London and New York

A look at some creative, engaging platforms across the web.

Posted by Mark Kirkpatrick on October 20, 2015

Nothing stands still, particularly in online and accordingly, it is important for anyone involved in digital communications to be looking at best practice in trends, technologies with a view to taking learning and delivering great experiences for users.

I will update (as much as possible!) on what I see are nice sites; just organisations, businesses building beautiful touchpoints for their users.

This month we travel figuratively (unfortunately) to London and New York.

London

The Windmill Taverns Group run four successful pub/restaurants across South London and house each individual site under one group umbrella.

The main central site houses salient information on the Group; its history and its people as well as acting as a central repository for events.

The site oozes character and delivers effective overview of four distinct pubs under one umbrella company.

Each tavern is represented distinctly, but consistently identifiable as a Windmill Taverns Group premise. Look and feel remains consistent throughout although sites are under their own urls, using different font-families etc.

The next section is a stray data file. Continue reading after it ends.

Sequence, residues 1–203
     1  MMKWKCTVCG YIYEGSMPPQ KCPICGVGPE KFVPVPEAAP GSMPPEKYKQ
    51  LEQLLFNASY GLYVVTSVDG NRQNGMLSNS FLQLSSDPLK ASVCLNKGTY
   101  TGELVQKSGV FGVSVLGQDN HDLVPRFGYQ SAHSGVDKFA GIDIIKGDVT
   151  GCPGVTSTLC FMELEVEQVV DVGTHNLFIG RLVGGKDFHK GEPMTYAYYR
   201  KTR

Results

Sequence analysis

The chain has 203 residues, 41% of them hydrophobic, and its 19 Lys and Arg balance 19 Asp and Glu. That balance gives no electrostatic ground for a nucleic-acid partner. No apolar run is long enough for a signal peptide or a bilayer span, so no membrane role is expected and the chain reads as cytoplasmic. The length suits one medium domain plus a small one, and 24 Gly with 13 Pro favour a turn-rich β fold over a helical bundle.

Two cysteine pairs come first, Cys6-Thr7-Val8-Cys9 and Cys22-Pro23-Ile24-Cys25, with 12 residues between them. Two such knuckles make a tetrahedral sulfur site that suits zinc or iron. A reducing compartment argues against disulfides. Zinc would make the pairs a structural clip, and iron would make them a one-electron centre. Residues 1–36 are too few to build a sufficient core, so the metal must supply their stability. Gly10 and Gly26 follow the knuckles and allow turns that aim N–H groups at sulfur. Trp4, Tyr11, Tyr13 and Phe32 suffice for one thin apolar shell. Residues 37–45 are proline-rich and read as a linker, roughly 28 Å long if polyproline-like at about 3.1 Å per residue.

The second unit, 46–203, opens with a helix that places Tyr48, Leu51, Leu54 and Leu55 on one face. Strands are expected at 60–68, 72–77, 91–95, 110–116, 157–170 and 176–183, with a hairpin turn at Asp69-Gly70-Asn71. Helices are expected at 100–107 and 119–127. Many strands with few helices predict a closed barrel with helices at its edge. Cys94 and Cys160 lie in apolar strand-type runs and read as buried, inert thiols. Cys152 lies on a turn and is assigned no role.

Other great features of the sites include:

  • clever use of svgs to implement subtle animation in footer etc.
  • use of great photography bursting with spark, character across the taverns giving clear sense of place
  • content is always fresh; ensuring food, event information is always timely and current Rugby World Cup promotions exemplify this.

Together with the effective use of social media channels the Group ensure that a sense of sprightliness and energy is maintained throughout their online assets – invitation is warm, and character firmly conveyed.

New York

The New Yorker delivers an uncluttered, consistent user experience in the delivery of some weighty content.

Branding is clear, professional, while unusually and distinctly for an online magazine, the use of photography is minimal throughout; the site instead opting for quality illustrations to draw the eye to key content pieces.

The New Yorker presents fonts professionally and in a distinctively creative manner.

The sticky header on desktop scroll etc. means primary navigation remains in focus for the user without getting in the way of content at-hand.

The site scales brilliantly across devices, making the most of space available. Colour is soft and sparse, and used effectively to highlight key areas for calls to action / promotion.

The design shows how grid-driven design needn’t be boring in that it appreciates and implements negative space effectively, and this along with great vertical rhythm in margin and padding gives content room to breathe.

Finally, fonts are vividly pronounced and render crisply, and swiftly across devices.